Reading List as of January 31st – Alice Close Your Eyes

The first blow comes out of nowhere, and it comes early. In retrospect, I should have expected it.

Or maybe not.

You can anticipate some of what’s going to happen in Alice Close Your Eyes, even as you grip the edges of the book, pleading with it to change. Alice’s life was destroyed ten years ago, and she’s been biding her time, plotting revenge against the man she holds responsible. She’s been through the system, shuttled from foster home to group home and back again, and when you think finally, finally, something might go her way, it’s yanked out from under her.

She meets Jack after she breaks into his house, convinced he’s the man who will help her enact her plan. What ensues is a relationship so broken, you wonder if it was ever whole to begin with.

Alice is all jagged edges and black spots. She is not happy. She’s too scarred, too empty, too driven by rage. Jack is a greedy, possessive son of a bitch, exhibiting all the signs of an abuser…and Alice stays. Their sex is often violent and painful, Jack needing to dole it out, Alice getting off on taking it. The sweetness he shows her outside of the bedroom, taking care of her when she goes down with the flu, repairing the front porch of her house, would feel out of place if it didn’t happen that often. But it does, and you’re left with whiplash.

This book will tie you in knots. The punches it delivers are infrequent enough to lull you into a sense of security and hard enough to leave you gasping. You want to put it down. You can’t read it anymore, can’t bear to see the next awful thing, the sadistic pleasure they take from each other.

You can’t stop.

You can’t stop turning those pages because you’re searching for a way to redeem Alice, to save Jack from the rabbit hole she’s shoved him down, to hold them both close so they might heal each other. When I reached the last quarter of Alice, I tried to slow down, as if it would stop the inevitable. I ended up racing through it, forgetting to breathe a lot of the time, because I wanted to silence the chant of no in my head.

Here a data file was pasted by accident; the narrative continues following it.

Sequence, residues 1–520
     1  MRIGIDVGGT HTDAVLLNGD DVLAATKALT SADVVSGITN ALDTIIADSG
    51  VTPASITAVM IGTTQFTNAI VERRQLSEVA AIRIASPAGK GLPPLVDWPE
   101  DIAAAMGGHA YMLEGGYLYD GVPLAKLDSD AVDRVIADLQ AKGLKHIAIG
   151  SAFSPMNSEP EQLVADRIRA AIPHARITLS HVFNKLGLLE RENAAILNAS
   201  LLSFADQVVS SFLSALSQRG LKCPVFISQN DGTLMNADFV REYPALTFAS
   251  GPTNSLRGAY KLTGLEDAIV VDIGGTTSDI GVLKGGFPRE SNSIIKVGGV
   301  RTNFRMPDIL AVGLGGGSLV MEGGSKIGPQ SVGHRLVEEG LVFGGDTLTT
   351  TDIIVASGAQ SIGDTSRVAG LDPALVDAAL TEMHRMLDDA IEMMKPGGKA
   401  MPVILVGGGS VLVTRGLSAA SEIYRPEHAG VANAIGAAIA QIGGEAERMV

It’s a mindfuck. The beauty of Averil Dean’s prose combines with a story so raw and disturbing that if you survive unscathed, I’ll be convinced you have no soul. This book brought me to my knees and robbed me of coherent thought. It’s the kind of book when you read it, you’re disturbed and engaged and awed by the power of Alice and you don’t want to be. It forces you to examine all those dark corners of your mind and bring them out, shine a bright light on them so you can convince yourself that you are still okay. I admire Dean’s fearlessness, using her words to bleed me dry, unafraid to mine the darkness for the things that will shatter me and leave me alone to put the pieces back together.

I hadn’t intended to write an entire post to this book. I had to. Alice has Triggers, with a capital T. People with issues about abuse and abusive relationships, sexual violence, and rape should not read Alice. It’s not for the faint of heart. I think you’d need a will of steel not to succumb to the insidious black of Alice Close Your Eyes. Everyone has a book that blows them away, that changes the way they think, yet again, about writing or fiction or how a romance should play out.

This is mine.

Copy of Alice Close Your Eyes provided by the publisher in exchange for an honest review.

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